(a £ x < b)
 x3 + ab(c - x) - abx = abc + x3 - 2abx
 (b £ x < c)
 x3 - abc
 (c £ x)
The function decreases for 0 £ x £ a and increases for x ³ c. For b £ x £ c,

 f(x) - f(b)
 = x3 - 2abx - b3 + 2ab2
 = (x - b)[x2 + bx + b2 - 2ab]
 = (x - b)[(x2 - ab) + b(x - a) + b2] ³ 0 ,
so that f(x) ³ f(b). Hence, the minimum value of f(x) must be assumed when a £ x £ b.

For a £ x £ b, f¢(x) = 3x2 - 4ax = x[3x - 4a], so that f(x) increases for x ³ 4a/3 and decreases for x £ 4a/3. When b £ 4a/3, then f(x) is decreasing on the closed interval [a, b] and assumes its minimum for x = b. If b > 4a/3 > a, then f(x) increases on [4a/3, b] and so achieves its minimum when x = 4a/3. Hence, the function f(x) is minimized when x = min (b, 4a/3).

150.
The area of the bases of a truncated pyramid are equal to S1 and S2 and the total area of the lateral surface is S. Prove that, if there is a plane parallel to each of the bases that partitions the truncated pyramid into two truncated pyramids within each of which a sphere can be inscribed, then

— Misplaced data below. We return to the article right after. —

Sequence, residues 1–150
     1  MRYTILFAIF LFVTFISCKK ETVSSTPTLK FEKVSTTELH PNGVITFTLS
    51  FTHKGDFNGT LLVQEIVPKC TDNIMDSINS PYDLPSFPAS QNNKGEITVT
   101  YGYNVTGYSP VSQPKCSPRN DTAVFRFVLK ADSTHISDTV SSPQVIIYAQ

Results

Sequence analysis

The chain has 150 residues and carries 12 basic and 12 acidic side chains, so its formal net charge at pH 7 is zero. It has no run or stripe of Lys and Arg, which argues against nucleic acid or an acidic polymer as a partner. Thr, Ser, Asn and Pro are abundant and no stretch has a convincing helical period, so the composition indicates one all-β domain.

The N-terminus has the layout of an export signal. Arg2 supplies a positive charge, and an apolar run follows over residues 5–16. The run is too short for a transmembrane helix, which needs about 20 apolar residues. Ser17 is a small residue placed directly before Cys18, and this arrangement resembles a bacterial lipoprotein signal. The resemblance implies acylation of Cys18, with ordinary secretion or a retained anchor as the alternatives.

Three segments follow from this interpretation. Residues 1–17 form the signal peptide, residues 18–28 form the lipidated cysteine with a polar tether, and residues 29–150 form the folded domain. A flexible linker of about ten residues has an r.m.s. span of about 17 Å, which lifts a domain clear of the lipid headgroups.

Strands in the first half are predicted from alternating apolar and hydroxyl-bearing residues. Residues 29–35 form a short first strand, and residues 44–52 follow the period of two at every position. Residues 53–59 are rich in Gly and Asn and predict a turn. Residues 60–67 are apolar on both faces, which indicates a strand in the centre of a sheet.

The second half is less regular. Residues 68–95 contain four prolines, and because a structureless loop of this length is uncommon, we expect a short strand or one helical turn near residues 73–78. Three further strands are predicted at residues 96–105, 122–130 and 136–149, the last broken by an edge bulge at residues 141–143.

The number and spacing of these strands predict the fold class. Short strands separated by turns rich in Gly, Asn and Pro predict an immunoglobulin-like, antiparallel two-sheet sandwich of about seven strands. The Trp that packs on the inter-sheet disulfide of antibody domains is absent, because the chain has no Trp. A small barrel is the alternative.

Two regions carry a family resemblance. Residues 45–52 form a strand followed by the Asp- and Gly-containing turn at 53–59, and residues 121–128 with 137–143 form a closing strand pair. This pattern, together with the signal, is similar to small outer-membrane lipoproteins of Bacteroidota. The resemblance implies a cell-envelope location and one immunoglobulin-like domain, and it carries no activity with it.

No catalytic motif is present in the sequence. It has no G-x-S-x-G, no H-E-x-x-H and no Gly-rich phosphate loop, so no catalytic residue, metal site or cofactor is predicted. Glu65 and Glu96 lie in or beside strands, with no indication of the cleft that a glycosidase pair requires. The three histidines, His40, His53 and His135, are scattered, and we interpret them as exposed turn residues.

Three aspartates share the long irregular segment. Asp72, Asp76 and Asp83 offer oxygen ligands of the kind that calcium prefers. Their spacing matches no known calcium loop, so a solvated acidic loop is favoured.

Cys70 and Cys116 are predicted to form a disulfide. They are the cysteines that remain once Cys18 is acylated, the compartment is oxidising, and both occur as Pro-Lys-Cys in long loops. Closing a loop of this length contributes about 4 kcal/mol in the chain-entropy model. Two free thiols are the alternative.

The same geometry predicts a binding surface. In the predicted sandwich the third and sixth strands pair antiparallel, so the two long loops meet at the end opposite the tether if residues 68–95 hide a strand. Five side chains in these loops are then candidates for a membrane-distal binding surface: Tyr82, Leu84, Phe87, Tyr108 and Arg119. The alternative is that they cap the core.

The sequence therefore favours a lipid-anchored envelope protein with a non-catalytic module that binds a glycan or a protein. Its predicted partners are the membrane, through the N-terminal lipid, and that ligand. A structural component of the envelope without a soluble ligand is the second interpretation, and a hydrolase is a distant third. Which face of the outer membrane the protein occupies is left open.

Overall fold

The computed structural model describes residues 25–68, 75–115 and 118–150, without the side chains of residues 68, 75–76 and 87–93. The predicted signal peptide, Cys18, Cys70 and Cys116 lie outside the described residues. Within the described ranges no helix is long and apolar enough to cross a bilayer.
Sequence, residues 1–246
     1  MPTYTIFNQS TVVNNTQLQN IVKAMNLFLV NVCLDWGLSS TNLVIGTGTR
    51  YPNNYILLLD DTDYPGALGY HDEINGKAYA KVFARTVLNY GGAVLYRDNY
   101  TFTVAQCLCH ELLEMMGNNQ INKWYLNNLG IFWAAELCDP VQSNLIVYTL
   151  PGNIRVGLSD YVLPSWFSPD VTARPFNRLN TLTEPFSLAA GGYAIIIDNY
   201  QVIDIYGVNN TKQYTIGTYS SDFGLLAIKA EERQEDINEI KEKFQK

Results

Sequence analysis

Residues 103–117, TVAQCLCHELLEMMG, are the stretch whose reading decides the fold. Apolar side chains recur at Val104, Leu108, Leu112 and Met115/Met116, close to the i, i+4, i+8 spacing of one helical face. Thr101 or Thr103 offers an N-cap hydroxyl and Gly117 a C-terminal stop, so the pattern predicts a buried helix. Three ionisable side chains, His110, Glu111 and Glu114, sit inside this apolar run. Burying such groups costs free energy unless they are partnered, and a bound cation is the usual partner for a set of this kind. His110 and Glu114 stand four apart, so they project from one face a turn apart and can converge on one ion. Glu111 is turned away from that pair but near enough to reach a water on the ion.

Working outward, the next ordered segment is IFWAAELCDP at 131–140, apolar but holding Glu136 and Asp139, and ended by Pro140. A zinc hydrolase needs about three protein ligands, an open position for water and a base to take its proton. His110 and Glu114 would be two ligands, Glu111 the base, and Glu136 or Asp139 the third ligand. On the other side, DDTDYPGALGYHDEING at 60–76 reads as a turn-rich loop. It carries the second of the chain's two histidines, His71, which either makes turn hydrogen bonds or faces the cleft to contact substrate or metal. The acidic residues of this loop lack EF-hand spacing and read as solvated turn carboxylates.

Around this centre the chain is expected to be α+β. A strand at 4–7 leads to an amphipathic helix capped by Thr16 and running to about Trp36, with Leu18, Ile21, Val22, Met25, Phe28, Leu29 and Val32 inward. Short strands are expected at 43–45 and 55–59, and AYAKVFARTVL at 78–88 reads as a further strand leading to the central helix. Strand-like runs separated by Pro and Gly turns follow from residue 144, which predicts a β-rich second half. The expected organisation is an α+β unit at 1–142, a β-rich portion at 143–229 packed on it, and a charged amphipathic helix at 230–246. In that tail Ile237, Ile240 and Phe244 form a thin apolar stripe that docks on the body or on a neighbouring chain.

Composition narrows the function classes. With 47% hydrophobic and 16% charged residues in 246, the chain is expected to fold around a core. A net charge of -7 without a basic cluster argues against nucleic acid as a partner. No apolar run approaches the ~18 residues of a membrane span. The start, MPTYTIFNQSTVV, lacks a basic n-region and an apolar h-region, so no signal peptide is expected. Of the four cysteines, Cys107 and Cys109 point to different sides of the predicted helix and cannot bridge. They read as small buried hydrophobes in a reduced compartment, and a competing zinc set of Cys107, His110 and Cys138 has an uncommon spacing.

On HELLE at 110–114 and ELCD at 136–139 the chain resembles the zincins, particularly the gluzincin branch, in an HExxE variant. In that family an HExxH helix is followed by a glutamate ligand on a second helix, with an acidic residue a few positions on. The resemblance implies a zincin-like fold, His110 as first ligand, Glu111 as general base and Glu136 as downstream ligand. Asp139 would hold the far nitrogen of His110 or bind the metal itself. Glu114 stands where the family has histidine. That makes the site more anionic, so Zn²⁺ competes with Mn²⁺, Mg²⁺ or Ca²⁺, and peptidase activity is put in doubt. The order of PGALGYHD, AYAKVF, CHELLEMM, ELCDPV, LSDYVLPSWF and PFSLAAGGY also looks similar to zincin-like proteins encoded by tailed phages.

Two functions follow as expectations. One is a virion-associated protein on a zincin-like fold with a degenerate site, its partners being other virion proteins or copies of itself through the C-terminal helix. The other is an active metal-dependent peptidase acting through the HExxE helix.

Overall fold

S = ( __ÖS1 + __ÖS2 )(Ö[4 ]S1 +Ö[4 ]S2)2 .
Solution 1. Let M1 be the larger base of the truncated pyramid with area S1, and M2 the smaller base with area S2. Let P1 be the entire pyramid with base M1 of which the truncated pyramid is a part. Let M0 be the base parallel to M1 and M2 described in the problem, and let its area be S0. Let P0 be the pyramid with base M0 and P2 the pyramid with base M2.

The inscribed sphere bounded by M0 and M1 is determined by the condition that it touches M1 and the lateral faces of the pyramid; thus, it is the inscribed sphere of the pyramid P1 with base M1; let its radius be R1. The inscribed sphere bounded by M2 and M0 is the inscribed sphere of the pyramid P0 with base M0; let its radius be R0. Finally, let the inscribed sphere of the pyramid with base M2 have radius R2.

Suppose Q2 is the lateral area of pyramid P2 and Q1 the lateral area of pyramid P1. Thus, S = Q1 - Q2.

There is a dilation with factor R0/R1 that takes pyramid P1 to P0; since it takes the inscribed sphere of P1 to that of P0, it takes the base M1 to M0 and the base M0 to M2. Hence, this dilation takes P0 to P2. The dilation composed with itself takes P1 to P2. Therefore